Thursday, October 1, 2009

Launching: The Goodness of the Garden . . . All Year Round

I love to cook. I love to garden. I strive to be healthy. So today I’m beginning a seven-month challenge for myself. It’s time to begin cooking from all the vegetables we’ve preserved this summer.

People have been preserving food for far longer than I’ve been alive, but it’s relatively new to me. It wasn’t until I read Barbara Kingsolver’s Animal, Vegetable, Miracle that I felt truly motivated to do more than throw a few vegetables into the freezer for storage. With just my husband, Jim, and I to feed, the work that preservation takes didn’t seem like it was worth it.

However, as a breast cancer survivor who constantly seeks ways to stay healthy, I have learned about the nutritional value of the food grown in my garden compared to what I buy in the grocery store. As my holistic nurse advised, I typically buy local first then organic, then I work my way through the fresh, frozen and canned goods in the grocery. I had never thought about the vitamins that foods lose when they are harvested early to allow for transport before they go bad. Neither had I given much thought to what is used to preserve foods I buy in the store. As my awareness grew, so did my enthusiasm for preserving our harvest.

We bought a small, chest freezer last year. We began stocking up on locally raised organic chicken and beef during the summer season. I bought a book on the easiest ways to preserve food and we invested in freezer bags, jars and lids. Then we borrowed a pressure cooker. Luckily for me, Jim knew more about canning that I did so he took the lead on that. (That was especially crucial this summer when I broke my ankle and was very little help to him for a month or so!)

Now we have a shelf of salsa, tomato sauce, whole tomatoes, tomato juice (yes, we had a bountiful tomato harvest this year!), beets, carrots, okra and green beans. Plus there’s plenty of broccoli, corn, greens, berries and more in the freezer. And we have dehydrated tomatoes, apples and beets.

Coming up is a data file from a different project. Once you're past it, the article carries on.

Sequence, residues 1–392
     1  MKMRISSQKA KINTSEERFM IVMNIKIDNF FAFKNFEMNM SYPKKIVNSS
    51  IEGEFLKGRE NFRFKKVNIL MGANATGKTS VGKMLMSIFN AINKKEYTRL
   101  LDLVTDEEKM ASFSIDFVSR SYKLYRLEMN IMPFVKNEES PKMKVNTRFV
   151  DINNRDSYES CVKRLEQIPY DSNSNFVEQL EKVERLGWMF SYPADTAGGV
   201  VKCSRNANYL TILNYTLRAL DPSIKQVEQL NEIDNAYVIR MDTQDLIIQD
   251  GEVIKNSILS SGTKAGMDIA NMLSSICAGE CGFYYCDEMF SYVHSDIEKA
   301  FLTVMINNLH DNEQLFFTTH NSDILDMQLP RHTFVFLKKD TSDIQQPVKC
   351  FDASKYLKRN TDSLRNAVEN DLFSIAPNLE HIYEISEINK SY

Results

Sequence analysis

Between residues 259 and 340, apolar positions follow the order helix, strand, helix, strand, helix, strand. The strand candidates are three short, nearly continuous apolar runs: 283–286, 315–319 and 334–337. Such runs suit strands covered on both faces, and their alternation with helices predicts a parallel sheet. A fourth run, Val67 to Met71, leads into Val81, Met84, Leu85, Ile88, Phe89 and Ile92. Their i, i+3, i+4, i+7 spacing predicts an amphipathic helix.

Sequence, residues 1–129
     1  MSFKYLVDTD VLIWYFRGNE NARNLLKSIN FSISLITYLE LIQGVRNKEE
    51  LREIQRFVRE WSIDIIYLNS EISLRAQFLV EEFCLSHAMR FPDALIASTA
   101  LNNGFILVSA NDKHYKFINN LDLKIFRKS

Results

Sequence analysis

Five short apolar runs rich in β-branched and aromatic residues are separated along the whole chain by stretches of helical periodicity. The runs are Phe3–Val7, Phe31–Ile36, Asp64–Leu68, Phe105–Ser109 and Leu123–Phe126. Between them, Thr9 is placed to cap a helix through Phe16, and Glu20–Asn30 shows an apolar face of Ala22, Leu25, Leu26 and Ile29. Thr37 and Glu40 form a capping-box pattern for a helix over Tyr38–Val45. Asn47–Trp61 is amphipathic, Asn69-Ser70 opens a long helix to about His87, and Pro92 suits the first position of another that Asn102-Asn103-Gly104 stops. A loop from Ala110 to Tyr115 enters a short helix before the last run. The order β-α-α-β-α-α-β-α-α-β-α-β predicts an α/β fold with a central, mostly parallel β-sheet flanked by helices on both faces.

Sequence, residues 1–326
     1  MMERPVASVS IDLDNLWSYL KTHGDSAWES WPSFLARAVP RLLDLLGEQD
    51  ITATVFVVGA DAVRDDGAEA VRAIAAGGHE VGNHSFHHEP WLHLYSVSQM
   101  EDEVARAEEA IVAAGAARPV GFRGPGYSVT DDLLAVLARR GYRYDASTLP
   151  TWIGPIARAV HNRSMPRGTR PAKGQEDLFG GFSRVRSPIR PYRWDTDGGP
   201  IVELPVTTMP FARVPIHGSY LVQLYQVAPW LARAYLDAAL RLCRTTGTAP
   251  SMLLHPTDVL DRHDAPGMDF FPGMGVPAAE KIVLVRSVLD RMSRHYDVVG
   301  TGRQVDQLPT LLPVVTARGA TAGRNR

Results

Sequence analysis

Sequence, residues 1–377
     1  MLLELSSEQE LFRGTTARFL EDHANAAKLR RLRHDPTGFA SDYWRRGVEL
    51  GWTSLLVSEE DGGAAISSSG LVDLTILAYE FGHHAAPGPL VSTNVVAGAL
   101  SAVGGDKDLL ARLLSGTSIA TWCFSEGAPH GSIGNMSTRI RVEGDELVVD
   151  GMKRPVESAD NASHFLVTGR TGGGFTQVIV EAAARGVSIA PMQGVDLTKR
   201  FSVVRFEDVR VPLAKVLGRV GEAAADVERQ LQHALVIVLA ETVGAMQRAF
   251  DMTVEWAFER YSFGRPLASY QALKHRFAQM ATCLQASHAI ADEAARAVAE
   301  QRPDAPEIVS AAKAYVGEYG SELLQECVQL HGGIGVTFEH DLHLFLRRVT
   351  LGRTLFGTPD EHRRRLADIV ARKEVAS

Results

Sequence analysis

While Jim is the primary canner, I am the primary cook. Earlier this week I wandered through the garden to see what fresh choices remained. I filled my basket with what’s still in the garden—a few tomatoes, butternut squash, pumpkins, Swiss chard, lettuce, arugula, raspberries and herbs. I left the walnuts for the squirrels since we still have plenty left over from last year. If it doesn’t freeze soon, some of the garden will continue to grow until November.

With fewer fresh vegetables to choose from, it’s time to beginning cooking from what we’ve preserved. I’ll be experimenting with recipes and sharing what I’m learning. And I hope you’ll share your knowledge and experience with me. There are lots of green beans on our shelf and only so many ways I know how to cook them!

Tomorrow: Pesto pizza with sun-dried tomatoes.


  1. Beth, you caught me at a time in the day when I am famished! Even though I haven't had a garden for a few years and am not a canner, I am hoping to glean some helpful tips from your blog. Thanks for sharing! I love the little teaser at the end of your post -- sounds like one to come back for. :)

    Welcome to the blogosphere! I hope you find it an embracing sort of place.

    Roxane @ Peace Garden Mama

  2. Wow! What a great blog! I plan to visit again.

    God bless!